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Alessandro Minuto-Rizzo, President

Press Reviews

June 2021

International Media Digest


The Biden administration is getting more involved in the Balkans, evoking sanctions against individuals and political leaders who might threaten the stability of the region, amid a push to speed up the integration of Western Balkan countries into the European Union.
On 9 June President Biden signed an executive order that updated the existing policy of sanctions in the Balkans by targeting persons, including political leaders, “who threaten the peace, security, stability, or territorial integrity of any area or state in the Western Balkans as well as those responsible for (…) serious human rights abuse or in episodes of corruption in the Western Balkans,” the Department of State said.
The new policy allows sanctions also against individuals that undermine the implementation of regional agreements and verdicts of the International Residual Mechanism for Criminal Tribunals (MICT), the successor of the International Criminal Tribunal for the former Yugoslavia (ICTY). Additionally, order allows sanctions against persons who challenge mutual recognition agreements, such as the Prespa agreement between North Macedonia and Greece. The wording suggests Washington might use sanctions in case political leaders undermine a final agreement between Serbia and Kosovo.
The sanctions include the freezing of all properties of persons designated. Sanctioned individuals will be banned from entering the United States or holding a US visa.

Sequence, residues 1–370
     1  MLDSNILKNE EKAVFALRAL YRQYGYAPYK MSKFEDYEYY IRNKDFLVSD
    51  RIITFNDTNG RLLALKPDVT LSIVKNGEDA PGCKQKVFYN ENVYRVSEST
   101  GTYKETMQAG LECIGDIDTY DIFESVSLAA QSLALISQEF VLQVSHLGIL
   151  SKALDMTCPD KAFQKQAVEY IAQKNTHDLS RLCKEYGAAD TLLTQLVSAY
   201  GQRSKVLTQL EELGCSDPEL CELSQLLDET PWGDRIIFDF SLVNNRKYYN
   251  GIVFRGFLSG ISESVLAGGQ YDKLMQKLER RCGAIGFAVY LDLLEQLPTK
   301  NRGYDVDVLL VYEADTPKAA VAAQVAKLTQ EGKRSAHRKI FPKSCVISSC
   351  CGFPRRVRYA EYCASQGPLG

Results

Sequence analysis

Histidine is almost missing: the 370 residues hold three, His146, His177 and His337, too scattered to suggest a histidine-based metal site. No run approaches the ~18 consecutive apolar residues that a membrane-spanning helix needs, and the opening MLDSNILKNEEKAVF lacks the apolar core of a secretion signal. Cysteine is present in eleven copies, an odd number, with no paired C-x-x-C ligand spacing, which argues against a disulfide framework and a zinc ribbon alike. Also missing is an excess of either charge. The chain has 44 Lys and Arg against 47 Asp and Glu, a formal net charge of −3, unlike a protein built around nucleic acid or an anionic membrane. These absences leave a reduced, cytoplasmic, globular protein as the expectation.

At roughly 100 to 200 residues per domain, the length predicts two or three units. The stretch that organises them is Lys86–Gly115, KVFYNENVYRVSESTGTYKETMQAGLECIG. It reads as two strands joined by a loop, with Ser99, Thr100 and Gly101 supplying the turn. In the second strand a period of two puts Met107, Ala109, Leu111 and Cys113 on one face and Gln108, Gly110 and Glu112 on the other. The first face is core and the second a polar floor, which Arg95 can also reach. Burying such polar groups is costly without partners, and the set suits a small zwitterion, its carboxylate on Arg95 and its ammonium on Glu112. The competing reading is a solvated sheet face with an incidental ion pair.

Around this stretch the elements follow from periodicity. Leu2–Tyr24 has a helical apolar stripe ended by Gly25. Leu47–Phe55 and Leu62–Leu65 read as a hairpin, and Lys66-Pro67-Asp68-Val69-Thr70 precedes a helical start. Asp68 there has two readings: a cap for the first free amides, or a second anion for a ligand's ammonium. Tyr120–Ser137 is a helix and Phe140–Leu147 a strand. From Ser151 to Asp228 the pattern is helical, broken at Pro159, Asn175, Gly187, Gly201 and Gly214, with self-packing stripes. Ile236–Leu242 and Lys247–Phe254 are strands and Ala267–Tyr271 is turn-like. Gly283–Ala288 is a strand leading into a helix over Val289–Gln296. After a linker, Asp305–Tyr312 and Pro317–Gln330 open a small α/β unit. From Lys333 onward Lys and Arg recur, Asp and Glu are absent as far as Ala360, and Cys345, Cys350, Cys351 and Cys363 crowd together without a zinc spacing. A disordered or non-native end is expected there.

“Our commitment to promoting democracy, transparency, and accountability, across the Western Balkans is both unwavering and consistent with the standards the countries of the region must meet to secure their goals of advancing on the European path,” told US Secretary of State, Anthony J. Blinken. Washington already sanctioned several influential politicians from the region in the previous years. Among them, the current Serb member of the Bosnian tripartite presidency, Milorad Dodik, who was sanctioned back in 2017 for its nationalistic policies. More recently, the former Albanian Prime Minister and former President Sali Berisha and influential business people and public officials from Bulgaria were targeted for their alleged involvement in corruption cases.
Biden’s executive order represents a break from the policy of the Trump administration towards the Balkans, which was focused more on economic development than on solving open issues. For the United States, the Balkans represent now a priority, as confirmed by the US–EU Summit Statement. “We intend to strengthen further our joint engagement in the Western Balkans, including through the EU-facilitated dialogue between Belgrade and Pristina on normalisation of their relations, and by supporting key reforms for EU integration,” the statement reads.
The EU however, is not considering at this stage support for the US in targeting persons in the Balkans with sanctions.


The leaders of NATO member countries met in Brussels in June to discuss the global challenges coming from Russia and China and the Alliance’s future in the next decade. US President Biden attended the summit for the first time since he took office.